Alisha Rai’s Forbidden Hearts series is the contemporary romance we need in 2017
In WRONG TO NEED YOU (Forbidden Hearts #2), Sadia Ahmed is a widowed, single mother who runs into Jackson Kane, a man she hasn’t seen or heard from in a decade. They were childhood friends, and he happens to be her former brother-in-law. Sadia finds herself unexpectedly attracted to him; he loved her from the beginning, even after she married his brother.
Rai is one most the contemporary romance writers out there, like, hyper-contemporary. This series is wonderfully complex: it’s never just girl meets boy, can’t resist the attraction, sexy times, happily ever after. Rai’s work deliciously reflects the complications of modern love and modern life. Sadia is Pakistani-American and Jackson is Japanese-American, but the issues they face have nothing to do with race or ethnicity. They’re about familial expectations, single parenthood and how our personal histories form who we are. Yes, of course there’s sex, some of it hot, and Rai (rightfully) makes desire and sex a natural part of life.
Sadia’s plate is full, she’s running her deceased husband’s cafe. She’s juggling parenthood, family commitments, and reclaiming who she is as a woman. Jackson’s deal is no less complicated. After taking the fall for a crime (no spoilers), he became a chef, traveling the world and avoiding Rockville, New York. He came back to town to support his sister Olivia (see book #1 – Hate to Want You). And now that his childhood friend and former sister-in-law Sadia could use a hand at the cafe, he’s sticking around.
Rai is firing on all cylinders with WRONG TO NEED YOU. It’s a steamy romance that not only addresses family drama and womanhood in the face of single parenting, it touches on mental health and body positivity. It gets the cultural details right. One of my nit-picks in my review of book #1, Hate to Want You, was that Jackson’s surname Kane, would correctly be pronounced “Kah-neh” versus “Cane.” It’s addressed / explained in book #2! And in a scene where Jackson enters his mother’s house, he “automatically” takes off his shoes. I mentally applauded when I read that. Details are not just about accuracy, they’re about respect.
WRONG TO NEED YOU continues to advance a category of contemporary romance that recognizes people of color (in this case, Asian and South Asian-Americans) have rich and complex romantic and family lives. Finally seeing that experience treated equally and with care is a huge part of what makes Rai’s stories so relatable…and remarkable.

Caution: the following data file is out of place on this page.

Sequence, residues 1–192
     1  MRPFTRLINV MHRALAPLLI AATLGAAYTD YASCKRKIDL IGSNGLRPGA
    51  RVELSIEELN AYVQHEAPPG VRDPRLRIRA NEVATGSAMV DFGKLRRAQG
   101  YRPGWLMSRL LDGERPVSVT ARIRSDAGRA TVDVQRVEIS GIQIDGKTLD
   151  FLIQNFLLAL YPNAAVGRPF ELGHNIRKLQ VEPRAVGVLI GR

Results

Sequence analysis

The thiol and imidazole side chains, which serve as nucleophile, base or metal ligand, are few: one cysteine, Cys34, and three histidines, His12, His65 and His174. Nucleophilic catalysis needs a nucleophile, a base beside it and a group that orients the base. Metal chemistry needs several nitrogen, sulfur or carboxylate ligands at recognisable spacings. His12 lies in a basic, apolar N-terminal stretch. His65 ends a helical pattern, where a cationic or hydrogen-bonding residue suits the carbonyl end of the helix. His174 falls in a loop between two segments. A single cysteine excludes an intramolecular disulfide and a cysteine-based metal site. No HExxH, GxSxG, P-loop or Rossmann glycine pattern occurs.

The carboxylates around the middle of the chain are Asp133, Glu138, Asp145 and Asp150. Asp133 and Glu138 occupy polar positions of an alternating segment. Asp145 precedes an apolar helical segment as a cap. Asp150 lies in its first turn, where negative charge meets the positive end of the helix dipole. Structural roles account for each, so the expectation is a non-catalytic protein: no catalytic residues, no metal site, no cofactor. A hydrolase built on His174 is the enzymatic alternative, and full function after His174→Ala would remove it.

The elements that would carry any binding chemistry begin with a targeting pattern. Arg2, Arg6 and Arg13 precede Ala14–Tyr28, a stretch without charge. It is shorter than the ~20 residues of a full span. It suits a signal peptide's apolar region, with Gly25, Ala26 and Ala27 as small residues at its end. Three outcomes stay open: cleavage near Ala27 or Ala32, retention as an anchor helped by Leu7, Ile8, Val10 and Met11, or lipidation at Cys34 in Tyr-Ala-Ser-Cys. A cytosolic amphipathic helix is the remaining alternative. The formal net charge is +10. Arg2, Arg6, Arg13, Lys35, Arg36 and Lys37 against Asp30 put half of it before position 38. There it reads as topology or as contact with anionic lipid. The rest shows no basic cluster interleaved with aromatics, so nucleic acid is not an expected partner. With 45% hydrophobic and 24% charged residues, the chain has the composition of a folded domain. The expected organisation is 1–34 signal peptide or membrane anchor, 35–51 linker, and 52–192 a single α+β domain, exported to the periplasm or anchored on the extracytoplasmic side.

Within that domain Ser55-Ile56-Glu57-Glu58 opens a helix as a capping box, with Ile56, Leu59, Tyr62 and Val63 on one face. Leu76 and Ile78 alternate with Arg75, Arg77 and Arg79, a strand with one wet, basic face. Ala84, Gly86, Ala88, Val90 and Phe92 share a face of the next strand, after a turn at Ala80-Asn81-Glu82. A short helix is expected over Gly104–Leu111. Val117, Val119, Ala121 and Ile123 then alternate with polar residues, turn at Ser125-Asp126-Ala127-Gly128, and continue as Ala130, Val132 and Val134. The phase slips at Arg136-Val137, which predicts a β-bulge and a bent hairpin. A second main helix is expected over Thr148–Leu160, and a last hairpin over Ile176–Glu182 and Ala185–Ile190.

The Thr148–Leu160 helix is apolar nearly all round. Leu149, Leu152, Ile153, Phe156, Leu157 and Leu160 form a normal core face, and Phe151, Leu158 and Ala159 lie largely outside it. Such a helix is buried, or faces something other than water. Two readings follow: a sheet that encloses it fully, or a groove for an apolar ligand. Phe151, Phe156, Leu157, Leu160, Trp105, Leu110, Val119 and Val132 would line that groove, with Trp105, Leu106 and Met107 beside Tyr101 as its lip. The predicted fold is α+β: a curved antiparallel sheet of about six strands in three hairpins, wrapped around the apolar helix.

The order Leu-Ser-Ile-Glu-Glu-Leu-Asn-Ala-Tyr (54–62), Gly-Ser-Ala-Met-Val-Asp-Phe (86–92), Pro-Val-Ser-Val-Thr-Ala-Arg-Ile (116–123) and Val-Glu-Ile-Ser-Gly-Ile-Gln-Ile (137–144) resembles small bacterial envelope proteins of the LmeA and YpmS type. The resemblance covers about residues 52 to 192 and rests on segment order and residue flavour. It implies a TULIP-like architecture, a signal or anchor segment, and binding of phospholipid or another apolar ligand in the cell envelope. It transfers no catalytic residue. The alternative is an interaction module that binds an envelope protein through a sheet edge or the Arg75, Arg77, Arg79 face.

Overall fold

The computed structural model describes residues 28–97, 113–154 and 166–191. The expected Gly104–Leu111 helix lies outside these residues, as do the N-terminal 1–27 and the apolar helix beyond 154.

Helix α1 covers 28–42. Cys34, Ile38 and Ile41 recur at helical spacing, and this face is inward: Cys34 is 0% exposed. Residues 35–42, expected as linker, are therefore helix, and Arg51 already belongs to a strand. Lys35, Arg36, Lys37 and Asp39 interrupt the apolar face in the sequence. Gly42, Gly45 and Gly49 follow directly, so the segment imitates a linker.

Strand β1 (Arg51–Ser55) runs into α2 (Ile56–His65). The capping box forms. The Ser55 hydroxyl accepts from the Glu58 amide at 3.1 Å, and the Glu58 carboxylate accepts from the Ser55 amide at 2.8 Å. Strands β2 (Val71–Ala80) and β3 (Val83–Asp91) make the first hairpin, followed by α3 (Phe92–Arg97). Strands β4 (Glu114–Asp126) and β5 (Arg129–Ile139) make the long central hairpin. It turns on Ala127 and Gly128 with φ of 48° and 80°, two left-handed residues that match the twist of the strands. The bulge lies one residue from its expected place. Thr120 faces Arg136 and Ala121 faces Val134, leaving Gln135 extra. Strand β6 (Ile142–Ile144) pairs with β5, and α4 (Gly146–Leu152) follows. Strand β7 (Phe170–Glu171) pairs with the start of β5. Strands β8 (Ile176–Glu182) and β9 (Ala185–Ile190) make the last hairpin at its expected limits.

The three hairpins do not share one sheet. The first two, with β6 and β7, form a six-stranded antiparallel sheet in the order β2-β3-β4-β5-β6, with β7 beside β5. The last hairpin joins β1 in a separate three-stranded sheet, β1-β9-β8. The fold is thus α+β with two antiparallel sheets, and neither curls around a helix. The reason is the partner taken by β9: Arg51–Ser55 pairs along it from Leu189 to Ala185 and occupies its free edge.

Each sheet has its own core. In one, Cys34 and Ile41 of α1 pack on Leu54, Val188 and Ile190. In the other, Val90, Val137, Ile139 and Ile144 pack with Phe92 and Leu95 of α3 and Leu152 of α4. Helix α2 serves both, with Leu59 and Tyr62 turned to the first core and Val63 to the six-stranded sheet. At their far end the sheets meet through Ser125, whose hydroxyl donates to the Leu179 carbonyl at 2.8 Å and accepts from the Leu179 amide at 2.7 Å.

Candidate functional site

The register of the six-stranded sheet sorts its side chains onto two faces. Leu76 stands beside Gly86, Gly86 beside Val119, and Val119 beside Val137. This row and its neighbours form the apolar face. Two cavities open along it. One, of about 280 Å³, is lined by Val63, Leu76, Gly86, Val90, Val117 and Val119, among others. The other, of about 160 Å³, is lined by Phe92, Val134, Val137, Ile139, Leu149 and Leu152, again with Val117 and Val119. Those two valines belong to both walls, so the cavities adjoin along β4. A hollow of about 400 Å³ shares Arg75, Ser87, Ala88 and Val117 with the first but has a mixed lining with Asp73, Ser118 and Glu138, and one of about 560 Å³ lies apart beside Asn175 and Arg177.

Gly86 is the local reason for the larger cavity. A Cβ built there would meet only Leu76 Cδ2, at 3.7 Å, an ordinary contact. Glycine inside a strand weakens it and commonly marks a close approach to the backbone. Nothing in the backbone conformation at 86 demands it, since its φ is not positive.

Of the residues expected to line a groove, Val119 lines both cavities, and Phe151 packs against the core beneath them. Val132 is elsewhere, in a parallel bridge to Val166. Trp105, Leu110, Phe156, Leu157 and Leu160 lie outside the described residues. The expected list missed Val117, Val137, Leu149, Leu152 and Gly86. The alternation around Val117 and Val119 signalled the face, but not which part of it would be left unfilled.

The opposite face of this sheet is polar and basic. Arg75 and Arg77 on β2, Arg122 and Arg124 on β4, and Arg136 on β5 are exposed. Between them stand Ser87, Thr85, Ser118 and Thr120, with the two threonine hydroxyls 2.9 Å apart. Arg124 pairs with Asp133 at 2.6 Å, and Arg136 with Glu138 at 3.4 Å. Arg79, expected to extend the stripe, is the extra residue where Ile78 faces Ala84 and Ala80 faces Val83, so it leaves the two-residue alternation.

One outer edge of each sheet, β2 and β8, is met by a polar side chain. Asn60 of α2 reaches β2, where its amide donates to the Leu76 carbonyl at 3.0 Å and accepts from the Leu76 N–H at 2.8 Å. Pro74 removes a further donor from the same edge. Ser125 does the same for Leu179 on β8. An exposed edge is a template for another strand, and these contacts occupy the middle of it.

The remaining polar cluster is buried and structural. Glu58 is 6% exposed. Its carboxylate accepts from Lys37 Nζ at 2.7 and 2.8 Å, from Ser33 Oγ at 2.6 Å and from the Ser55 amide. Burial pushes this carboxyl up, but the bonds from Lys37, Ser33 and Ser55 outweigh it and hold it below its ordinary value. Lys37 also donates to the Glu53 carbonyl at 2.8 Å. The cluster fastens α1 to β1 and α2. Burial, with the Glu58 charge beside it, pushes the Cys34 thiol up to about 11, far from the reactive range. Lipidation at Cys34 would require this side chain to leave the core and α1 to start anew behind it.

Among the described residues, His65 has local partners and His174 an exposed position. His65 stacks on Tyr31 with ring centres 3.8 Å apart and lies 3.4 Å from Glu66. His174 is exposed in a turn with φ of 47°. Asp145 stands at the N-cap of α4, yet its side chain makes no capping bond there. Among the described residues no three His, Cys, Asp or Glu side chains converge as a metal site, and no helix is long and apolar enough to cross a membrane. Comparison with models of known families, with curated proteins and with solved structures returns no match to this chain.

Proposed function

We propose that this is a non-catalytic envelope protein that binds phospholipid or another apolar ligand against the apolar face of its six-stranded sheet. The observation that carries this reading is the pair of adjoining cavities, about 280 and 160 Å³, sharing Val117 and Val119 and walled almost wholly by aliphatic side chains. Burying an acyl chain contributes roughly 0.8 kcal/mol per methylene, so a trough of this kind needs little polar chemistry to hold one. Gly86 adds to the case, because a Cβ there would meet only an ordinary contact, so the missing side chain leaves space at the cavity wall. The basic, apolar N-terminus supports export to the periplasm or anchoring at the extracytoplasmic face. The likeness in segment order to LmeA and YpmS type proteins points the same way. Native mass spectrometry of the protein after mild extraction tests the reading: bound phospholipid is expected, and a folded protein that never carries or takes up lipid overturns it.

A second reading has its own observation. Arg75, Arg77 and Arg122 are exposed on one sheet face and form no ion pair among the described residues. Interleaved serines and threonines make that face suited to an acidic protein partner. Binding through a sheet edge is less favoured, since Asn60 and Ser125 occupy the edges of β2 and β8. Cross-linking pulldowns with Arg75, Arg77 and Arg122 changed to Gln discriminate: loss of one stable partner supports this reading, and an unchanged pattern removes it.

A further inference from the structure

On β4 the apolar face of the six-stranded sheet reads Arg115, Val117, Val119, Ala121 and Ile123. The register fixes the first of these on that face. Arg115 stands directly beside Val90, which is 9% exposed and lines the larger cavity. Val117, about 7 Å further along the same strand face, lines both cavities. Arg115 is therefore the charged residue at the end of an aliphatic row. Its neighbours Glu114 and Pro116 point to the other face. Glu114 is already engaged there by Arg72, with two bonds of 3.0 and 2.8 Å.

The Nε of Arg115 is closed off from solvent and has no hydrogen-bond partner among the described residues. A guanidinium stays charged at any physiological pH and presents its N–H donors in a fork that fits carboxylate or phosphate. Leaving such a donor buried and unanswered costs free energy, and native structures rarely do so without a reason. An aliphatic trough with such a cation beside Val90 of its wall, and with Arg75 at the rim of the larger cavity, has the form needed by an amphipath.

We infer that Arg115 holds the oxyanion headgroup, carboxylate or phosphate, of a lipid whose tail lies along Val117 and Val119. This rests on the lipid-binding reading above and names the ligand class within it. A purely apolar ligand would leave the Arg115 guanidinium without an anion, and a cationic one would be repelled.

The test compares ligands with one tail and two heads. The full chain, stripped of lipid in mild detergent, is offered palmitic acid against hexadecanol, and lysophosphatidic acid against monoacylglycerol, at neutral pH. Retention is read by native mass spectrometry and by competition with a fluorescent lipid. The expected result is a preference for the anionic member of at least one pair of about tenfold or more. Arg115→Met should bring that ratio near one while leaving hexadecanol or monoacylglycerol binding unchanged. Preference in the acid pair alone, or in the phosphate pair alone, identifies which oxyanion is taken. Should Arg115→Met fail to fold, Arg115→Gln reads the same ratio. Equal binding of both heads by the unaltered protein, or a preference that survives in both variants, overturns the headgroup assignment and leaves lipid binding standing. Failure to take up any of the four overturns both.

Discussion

What’s the deal with the popcorn and cookies? In the book, among the many things Jackson bakes is a batch of his grandpa’s world famous chocolate chip cookies. I can’t claim these are as good as those, but these cookies are chocolatey as all get out, and they have a Japanese-American twist I imagine Sam Oka might have snuck in at C&O. You’ll want to add ’em to your recipe box. Miso is also delicious in peanut butter cookies. Grab that recipe here.
Miso Chocolate Chip CookiesPrint Recipe
- 2 cups all-purpose flour
- 1/2 t. baking soda
- 1 tsp kosher salt
- 3/4 c. unsalted butter, softened
- 2 T. red miso paste
- 1 c. packed brown sugar
- 1/2 c. granulated sguar
- 1 T. vanilla extract
- 1 egg + 1 egg yolk
- 2 c. mini semi-sweet chocolate chips
Preheat the oven to 325F. Line a baking sheet with parchment paper or a silpat and set aside.
Whisk together the flour, baking soda and salt. Using a stand mixer fitted with a paddle attachment, cream the butter, sugars and miso paste for 2-3 minutes.
Add the vanilla and eggs and beat until light and creamy.
On low speed, mix in the flour mixture, just until blended. Add the chocolate chips and stir until just evenly combined.
Using a scale, weight out 80 gram disks of dough. Arrange 5 to a sheet, about 3 inches apart. Press them with the palm of your hand.
Bake 15-18 minutes or until edges are golden brown.
Adapted from Maggie Stiefvater's Big as Your Head Cookies.